Editor’s note: This genealogy column ran in the July 10, 2011, issue of the Tribune-Star.

If you have an ancestor who fought in the War of 1812, it is very possible that he applied for and received bounty lands for his services during the war. It is less likely, however, that he ever moved to those lands or actually lived on them.

During the War of 1812, Congress passed three acts establishing that bounty land warrants would be awarded to noncommissioned officers and soldiers, or their heirs, who had served for five years. At this time (1811-1812), the soldiers were entitled to 160 acres of land. Land was initially set aside in the territories of Arkansas (which was then a part of Louisiana), Illinois and Michigan. As the Michigan land was being surveyed, however, false reports came back that it was unsuitable for farming; so in 1816 Michigan was removed from the list and land in Missouri was substituted.

The process for obtaining ownership of the land took several steps. First, the veteran had to apply for a bounty land warrant based on his service. Once a warrant was approved, he then received a notice from the General Land Office stating, for example, that Warrant #7563 for 160 acres of land had been issued in his name and was on file in the Land Office. The warrant itself was not actually sent to the veteran. (It should be noted that these land warrants could not be assigned or transferred to another person – unlike warrants for Revolutionary War bounty lands. They could be inherited, however.) The veteran would then use this warrant information to apply for the land patent. Once obtained, the patent (deed of original ownership) would entitle him to the land. At this point, the veteran could take ownership of the land himself, assign it to another person, or sell it to a land speculator. The majority of 1812 veterans chose to sell their land to speculators for cash.

Following the original bounty land acts of 1811 and 1812, Congress passed several more statutes making more land available to more of the veterans and eventually including their widows. In 1814, “double bounty land warrants” were given to those who enlisted after December 1814. This entitled the soldiers to 320 acres of land. In 1842, a bill expanded the choice of land to include any public domain land, not just land in the three original states. In 1855, land could be claimed if the veteran had seen just 14 days of service or participated in battle action. In 1871, a pension or bounty land could be claimed by the widow if the veteran was in service 60 days and they had married before 1815. In 1878, the final statute allowed for pension or bounty land to be issued to any widow if her husband had been in service for 14 days or seen battle action.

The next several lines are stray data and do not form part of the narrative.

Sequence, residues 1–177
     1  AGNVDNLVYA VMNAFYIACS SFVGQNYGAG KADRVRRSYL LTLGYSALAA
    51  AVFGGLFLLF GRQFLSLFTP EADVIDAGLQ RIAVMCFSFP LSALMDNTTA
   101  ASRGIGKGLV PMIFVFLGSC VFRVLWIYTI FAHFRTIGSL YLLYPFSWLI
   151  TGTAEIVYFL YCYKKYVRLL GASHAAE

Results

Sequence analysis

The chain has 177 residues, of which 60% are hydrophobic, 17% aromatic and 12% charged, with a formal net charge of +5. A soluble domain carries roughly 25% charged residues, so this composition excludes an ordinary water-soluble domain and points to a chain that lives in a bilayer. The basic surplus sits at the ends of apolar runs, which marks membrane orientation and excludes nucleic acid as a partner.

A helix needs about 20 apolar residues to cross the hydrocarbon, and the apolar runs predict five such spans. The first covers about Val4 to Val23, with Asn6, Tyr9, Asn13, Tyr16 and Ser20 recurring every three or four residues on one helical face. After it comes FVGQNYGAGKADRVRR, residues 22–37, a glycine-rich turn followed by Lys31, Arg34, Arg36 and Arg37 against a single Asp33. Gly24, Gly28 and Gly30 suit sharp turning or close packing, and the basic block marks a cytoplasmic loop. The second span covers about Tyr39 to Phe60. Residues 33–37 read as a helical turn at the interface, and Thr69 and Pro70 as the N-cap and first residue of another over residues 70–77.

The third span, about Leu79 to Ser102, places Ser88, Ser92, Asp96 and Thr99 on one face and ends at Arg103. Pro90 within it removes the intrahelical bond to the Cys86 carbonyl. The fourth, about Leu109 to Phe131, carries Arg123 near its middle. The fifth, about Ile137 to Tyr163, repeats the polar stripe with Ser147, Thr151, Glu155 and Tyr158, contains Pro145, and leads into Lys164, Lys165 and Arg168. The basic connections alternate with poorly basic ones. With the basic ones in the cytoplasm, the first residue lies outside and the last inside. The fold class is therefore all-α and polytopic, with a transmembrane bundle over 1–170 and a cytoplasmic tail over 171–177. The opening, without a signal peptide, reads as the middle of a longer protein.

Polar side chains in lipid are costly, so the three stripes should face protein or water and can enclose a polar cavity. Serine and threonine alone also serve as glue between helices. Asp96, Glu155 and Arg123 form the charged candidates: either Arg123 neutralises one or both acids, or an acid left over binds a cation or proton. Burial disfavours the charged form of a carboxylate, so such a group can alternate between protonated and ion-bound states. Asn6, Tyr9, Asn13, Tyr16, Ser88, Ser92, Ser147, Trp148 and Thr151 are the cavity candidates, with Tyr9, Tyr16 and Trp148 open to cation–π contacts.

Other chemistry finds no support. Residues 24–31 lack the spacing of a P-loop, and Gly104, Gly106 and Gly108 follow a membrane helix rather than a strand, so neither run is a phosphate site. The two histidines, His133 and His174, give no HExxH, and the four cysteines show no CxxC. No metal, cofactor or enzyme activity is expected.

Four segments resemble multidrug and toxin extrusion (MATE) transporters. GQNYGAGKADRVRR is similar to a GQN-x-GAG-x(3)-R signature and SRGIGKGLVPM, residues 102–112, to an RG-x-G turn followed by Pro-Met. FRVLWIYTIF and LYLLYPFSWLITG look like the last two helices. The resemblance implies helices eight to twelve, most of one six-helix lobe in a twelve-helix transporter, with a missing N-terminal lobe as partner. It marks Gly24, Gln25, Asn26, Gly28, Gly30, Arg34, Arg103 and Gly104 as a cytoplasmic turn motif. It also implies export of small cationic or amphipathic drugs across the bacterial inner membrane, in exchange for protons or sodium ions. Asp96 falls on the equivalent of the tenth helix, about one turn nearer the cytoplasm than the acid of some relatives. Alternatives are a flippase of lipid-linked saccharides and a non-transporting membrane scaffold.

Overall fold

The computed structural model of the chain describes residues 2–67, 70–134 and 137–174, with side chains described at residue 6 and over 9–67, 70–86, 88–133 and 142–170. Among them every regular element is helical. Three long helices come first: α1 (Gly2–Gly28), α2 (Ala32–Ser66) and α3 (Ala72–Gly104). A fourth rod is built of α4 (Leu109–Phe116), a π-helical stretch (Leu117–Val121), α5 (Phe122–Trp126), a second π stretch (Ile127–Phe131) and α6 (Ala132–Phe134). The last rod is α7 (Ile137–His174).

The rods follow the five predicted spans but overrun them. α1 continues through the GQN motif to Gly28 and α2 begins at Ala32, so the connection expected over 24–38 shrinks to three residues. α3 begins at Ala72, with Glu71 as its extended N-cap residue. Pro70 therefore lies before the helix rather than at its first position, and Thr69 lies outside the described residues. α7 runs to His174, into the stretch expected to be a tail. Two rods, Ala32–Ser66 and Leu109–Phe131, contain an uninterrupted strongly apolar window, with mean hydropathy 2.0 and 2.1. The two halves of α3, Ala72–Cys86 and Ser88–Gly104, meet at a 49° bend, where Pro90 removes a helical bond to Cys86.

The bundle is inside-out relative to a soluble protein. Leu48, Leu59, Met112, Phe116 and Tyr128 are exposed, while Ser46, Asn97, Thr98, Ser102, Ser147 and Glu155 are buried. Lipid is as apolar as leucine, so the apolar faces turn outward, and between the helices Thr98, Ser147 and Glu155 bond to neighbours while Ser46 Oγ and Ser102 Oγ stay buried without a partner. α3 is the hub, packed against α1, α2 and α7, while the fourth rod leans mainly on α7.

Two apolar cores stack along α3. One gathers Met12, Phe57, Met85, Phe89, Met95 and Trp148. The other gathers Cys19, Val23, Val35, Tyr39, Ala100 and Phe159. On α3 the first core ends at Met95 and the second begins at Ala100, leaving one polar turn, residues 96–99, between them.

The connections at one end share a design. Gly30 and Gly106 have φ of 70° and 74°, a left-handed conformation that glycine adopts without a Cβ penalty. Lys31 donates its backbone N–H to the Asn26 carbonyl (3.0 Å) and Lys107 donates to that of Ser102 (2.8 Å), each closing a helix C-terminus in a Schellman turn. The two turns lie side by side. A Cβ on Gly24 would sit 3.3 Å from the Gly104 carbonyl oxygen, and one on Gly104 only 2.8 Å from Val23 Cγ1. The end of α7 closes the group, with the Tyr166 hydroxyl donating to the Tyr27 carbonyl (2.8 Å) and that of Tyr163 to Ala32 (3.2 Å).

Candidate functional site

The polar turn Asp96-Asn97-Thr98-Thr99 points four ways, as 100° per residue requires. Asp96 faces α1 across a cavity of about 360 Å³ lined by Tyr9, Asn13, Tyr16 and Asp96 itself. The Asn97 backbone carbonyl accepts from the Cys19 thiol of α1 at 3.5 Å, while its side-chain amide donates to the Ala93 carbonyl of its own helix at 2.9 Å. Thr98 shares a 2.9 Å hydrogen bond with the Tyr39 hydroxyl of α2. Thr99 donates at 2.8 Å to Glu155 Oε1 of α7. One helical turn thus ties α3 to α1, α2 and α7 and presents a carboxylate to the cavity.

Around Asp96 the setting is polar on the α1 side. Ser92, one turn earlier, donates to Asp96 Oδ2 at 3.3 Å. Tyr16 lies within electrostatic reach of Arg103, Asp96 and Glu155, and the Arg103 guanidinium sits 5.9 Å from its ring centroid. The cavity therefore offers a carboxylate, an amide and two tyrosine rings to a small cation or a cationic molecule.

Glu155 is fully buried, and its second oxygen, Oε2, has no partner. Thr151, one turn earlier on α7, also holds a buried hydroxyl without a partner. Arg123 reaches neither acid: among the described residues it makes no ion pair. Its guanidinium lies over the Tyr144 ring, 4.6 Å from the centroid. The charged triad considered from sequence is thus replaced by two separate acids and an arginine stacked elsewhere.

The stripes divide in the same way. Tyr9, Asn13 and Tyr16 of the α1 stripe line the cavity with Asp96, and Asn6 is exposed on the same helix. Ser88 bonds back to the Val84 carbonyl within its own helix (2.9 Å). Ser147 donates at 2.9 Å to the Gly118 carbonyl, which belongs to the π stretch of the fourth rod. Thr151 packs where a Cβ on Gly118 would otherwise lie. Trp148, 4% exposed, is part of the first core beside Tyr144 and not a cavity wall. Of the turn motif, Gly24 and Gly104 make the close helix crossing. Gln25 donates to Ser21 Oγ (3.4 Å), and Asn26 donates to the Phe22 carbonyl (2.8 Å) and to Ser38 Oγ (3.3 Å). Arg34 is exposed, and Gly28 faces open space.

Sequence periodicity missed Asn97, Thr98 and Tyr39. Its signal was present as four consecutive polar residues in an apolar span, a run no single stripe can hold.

Veterans or widows who redeemed their bounty land warrants and were issued land patents had a “bounty land warrant file” deposited in the federal government’s General Land Office. This file contains some information of interest to genealogists, including the redeemed warrant with the date it was issued, the veteran’s name, rank at discharge, branch of service, location and description of the land, and page number where recorded in the Abstracts of Military Bounty Land Warrant Locations.

National Archives Microfilm Series M848 consists of 14 rolls of “War of 1812 Military Bounty Land Warrants, 1815-1858.” This series contains four indexes: Index of Missouri Patentees, Index of Arkansas Patentees, Partial Index of Illinois Patentees (only the entries for surnames beginning with a C or a D have survived), and Index of Patentees Under the Act of 1842.

These indexes as well as the actual warrant books are now available online through the FamilySearch catalog at https://www.familysearch.org/search/catalog/290307?availability=Family%20History%20Library. They are locked databases and cannot be accessed at home, but they can be viewed at an authorized FamilySearch Library, such as the Vigo County Public Library.

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